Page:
Wage and Hour Division (WHD)
November 4, 2005
This is in response to your request for an Opinion Letter regarding the application of the Fair Labor Standards Act (FLSA) to certain employees who work at a summer sports camp.
You have presented the following situations:
- Company A operates a summer camp program that includes (a) recreational activities and (b) promotional activities. The promotional activities generally involve providing samples of Company A’s products to individuals attending the camps.
- Company B is a sports marketing agency that has been engaged by Company A to implement the promotional activities (not recreational activities) for Company A’s summer camps.
- Company A and Company B enter into annual contracts, pursuant to which Company A pays Company B a management fee for managing the promotional program, including recruiting, hiring, training, and compensating the employees who execute Company A’s summer camp promotional activities.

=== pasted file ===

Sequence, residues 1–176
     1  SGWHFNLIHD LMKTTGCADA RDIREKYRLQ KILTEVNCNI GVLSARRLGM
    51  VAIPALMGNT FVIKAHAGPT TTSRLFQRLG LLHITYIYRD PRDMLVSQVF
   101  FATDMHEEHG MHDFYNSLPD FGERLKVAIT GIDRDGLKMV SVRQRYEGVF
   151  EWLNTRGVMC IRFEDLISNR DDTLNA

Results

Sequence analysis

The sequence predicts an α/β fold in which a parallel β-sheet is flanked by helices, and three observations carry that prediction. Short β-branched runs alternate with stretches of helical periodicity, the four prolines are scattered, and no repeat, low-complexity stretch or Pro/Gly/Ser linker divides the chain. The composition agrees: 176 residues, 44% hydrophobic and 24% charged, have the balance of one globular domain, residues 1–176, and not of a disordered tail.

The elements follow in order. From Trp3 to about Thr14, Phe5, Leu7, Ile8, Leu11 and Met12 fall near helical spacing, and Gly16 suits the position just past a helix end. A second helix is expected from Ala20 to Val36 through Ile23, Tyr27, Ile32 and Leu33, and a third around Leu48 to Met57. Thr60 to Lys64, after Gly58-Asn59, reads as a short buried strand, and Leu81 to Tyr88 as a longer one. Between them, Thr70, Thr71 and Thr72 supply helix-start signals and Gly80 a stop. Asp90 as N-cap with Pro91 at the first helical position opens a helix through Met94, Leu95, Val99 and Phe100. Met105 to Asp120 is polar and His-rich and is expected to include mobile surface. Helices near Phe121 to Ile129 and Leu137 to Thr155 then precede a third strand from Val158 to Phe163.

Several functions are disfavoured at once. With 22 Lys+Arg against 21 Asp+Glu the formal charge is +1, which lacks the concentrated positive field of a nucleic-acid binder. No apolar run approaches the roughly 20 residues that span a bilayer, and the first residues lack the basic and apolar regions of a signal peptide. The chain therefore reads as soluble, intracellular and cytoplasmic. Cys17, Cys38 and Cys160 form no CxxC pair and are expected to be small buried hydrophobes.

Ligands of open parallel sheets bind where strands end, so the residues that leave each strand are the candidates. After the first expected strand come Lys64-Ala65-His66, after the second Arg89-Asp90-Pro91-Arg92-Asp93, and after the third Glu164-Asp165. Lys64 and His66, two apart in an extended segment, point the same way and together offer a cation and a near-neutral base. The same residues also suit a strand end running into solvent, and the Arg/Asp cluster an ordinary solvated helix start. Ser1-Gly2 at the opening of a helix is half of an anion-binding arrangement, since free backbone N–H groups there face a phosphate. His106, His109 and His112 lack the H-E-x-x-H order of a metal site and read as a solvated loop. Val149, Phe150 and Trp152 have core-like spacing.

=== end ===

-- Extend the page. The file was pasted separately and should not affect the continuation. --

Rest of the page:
- The promotional activities (and thus each employee’s employment) operate from May through August (less than four (4) months of the year).
You also enclose three job descriptions and ask whether employees in these jobs are exempt under the FLSA. Although the position descriptions are for “Company A Manager,” “Company A Assistant Manager,” and “Company A Team Leader,” the employees in question actually work for Company B. Below is a brief summary of their jobs:
Company A Manager: Manages the entire staff of summer employees on his or her assigned campus and is paid a $4,000 stipend. The manager works full-time from May through August and part-time between when he or she is hired and the start of camp in May. [< $1,000/month = < $250/week]
Company A Assistant Manager: Works part-time assisting the Manager and is paid a stipend of $2,500.
Company A Team Leader: Works part-time at the camp and is paid $25 per “session.” [It is not clear what a “session” entails.]